I recently read Keith Richards’s autobiography. I read it to learn more about the recording of some of his band’s seminal albums, and about how he survived doing so many drugs but it got me thinking about what I would do if my son decided to he wanted to be an axman. While describing his childhood, Keith never really discusses what his parents thought of his choice of career, making it seem like they were just bystanders while he chased his dream. Maybe they were, maybe they weren’t, maybe he doesn’t remember their names. But it got me thinking.
I don’t yet know what my son’s dreams will be, but I plan to support them as best I can. The thing is, as a parent I’m sure to have a different perspective on his life and his dreams than he does. Mostly because, by virtue of being older and having lived more life, I have some perspective – which can be both valuable and damaging, and he doesn’t – which can also be both valuable and damaging. The young and the
old less-young usually disagree on where the value lies.
This is a source of conflict.
I hope whatever gifts you get – or give – get a better reception than that clown Jimmy Olsen’s!
You may remember I wrote a similar letter on Mother’s Day, in which I begged you to behave so that your mom could relax and enjoy her special Sunday.
This letter is a little different. For one thing, this letter is about me, rather than about Mommy, so I can speak a bit more freely. For another, until football starts, Sundays are pretty much meaningless to me. Even this coming one.
I love animals. I love dogs and cats, because I’m not one of those psychos who thinks you can only appreciate one of the two and have to draw a line in the sand.
But I am not a fan of cat-sized dogs. When I get a dog (it’s gonna happen, honey!), I want a real dog. I’ve never seen the point of having one of those teacup things that you can carry around in your bag.
Of course, having lived with a toddler for the past year, I’m starting to see the point.
Oh happy day!
My son performed his first successful poop in the potty this morning, and I wanted to share the proud moment with all of my blog readers.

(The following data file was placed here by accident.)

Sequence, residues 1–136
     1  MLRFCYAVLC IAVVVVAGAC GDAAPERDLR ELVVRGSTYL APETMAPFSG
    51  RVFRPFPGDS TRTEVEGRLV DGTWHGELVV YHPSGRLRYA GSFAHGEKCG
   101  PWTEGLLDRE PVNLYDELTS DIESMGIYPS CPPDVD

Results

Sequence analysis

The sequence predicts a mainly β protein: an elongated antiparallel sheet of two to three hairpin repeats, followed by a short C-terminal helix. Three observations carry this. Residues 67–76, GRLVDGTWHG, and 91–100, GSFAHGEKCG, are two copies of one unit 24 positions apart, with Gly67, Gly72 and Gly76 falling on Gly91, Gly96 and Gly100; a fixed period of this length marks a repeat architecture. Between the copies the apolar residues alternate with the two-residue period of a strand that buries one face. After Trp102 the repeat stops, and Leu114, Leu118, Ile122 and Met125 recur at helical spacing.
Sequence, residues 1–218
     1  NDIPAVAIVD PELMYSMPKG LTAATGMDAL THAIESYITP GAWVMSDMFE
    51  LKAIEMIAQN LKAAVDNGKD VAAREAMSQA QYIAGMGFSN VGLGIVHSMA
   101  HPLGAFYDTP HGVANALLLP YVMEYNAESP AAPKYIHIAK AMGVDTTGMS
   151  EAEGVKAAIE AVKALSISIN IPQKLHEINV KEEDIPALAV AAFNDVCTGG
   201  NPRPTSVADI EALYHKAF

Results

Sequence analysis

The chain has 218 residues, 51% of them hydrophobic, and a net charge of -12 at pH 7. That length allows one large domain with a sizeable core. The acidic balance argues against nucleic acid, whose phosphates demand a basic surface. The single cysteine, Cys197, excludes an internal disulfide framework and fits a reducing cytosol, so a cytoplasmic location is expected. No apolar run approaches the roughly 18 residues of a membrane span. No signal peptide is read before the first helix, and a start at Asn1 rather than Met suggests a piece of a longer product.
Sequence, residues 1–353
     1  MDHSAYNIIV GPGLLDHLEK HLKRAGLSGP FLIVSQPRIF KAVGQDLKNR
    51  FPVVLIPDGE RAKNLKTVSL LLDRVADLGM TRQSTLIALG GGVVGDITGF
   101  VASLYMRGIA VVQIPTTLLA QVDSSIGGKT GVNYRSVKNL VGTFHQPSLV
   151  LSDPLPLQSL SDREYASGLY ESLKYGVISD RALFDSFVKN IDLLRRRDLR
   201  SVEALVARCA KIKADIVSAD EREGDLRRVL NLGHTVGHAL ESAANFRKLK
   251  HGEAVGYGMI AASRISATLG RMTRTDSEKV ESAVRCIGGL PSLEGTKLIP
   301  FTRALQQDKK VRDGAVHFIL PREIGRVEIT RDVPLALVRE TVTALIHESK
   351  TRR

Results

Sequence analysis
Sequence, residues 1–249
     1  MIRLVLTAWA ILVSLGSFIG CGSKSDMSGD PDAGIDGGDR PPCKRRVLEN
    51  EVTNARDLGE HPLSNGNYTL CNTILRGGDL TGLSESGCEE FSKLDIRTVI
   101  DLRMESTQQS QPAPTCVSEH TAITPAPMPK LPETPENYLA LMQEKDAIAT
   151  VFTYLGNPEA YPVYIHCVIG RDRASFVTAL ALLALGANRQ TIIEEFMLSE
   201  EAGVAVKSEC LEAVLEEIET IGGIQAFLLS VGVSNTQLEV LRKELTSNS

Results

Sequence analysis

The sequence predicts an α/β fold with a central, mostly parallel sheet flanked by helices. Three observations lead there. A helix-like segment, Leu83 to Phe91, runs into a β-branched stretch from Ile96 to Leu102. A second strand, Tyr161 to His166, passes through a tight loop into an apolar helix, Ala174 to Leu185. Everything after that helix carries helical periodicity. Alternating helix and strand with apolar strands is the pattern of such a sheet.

It’s only right that you should experience this along with me, and share in my triumph.
Thanks for making the image on the next page possible!
Having kids is a constant test. Of your patience, your mettle, your marriage and constantly, your gag reflex.
A year ago at this time, my son was hosting Hand, Foot and Mouth disease. It was gross, and we survived. Then he got it again. Shouldn’t there be a limit to unconditional love?
This June, he has so far escaped that disgusting fate (knock on wood!), but we haven’t escaped the grossness. Because today we are knee-deep in potty training, and this kid is a sprayer.
The post I’m resurrecting today explores the cruel reality that no matter how gross your kids are, or how obnoxious they can be, none of that trumps your devotion to them. Make no mistake: unconditional love kind of sucks. Because I’d really much rather let my son fend for himself when his ass explodes, but no. Stupid biological imperative.
Every time my love for my son is tested, my love wins. Even when it involves fishing though his feces for the penny he swallowed.
Original post: How Much Do You Love Your Kids?
A few weeks back, after abandoning potty training due to the onset of trauma, Mom and Buried and I took a quick run to Target.
While there, we decided to buy some off-brand diapers to get us through the next few weeks, enough time for Detective Munch to emerge from his PTSD (Potty Traumatic Stress Disorder) and get back on the potty train.
The cheapo diapers turned out to not be the best idea, as they were cheapo for a reason: they leaked worse than Julian Assange.
Which got me thinking. Maybe I shouldn’t shortchange my son.
I don’t consider myself the superstitious type. I occasionally knock some wood and usually try to say “rabbit rabbit” at the start of every month, but that’s about it.
Of course, that was before I became a dad.
These days I might as well be Shirley Maclaine for all the bullshit I find myself believing. There’s just NO WAY a filthy anarchist monkey like Curious George gets invited to that many parties, but I just keep playing along.
Children don’t understand decorum.
They don’t know that society has rules. That society demands you behave in a certain way in certain places. It’s called being civilized.
Children are not civilized. My two-year-old might as well be a rabid animal most of the time.
Getting him to behave the way one is supposed to behave is impossible.